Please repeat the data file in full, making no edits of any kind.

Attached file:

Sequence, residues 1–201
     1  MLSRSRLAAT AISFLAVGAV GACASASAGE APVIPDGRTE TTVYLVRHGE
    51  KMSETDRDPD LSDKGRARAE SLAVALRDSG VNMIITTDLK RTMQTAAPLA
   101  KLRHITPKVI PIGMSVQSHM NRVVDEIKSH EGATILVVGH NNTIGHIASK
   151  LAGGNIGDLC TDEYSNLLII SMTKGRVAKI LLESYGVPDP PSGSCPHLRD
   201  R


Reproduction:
Sequence, residues 1–201
     1  MLSRSRLAAT AISFLAVGAV GACASASAGE APVIPDGRTE TTVYLVRHGE
    51  KMSETDRDPD LSDKGRARAE SLAVALRDSG VNMIITTDLK RTMQTAAPLA
   101  KLRHITPKVI PIGMSVQSHM NRVVDEIKSH EGATILVVGH NNTIGHIASK
   151  LAGGNIGDLC TDEYSNLLII SMTKGRVAKI LLESYGVPDP PSGSCPHLRD
   201  R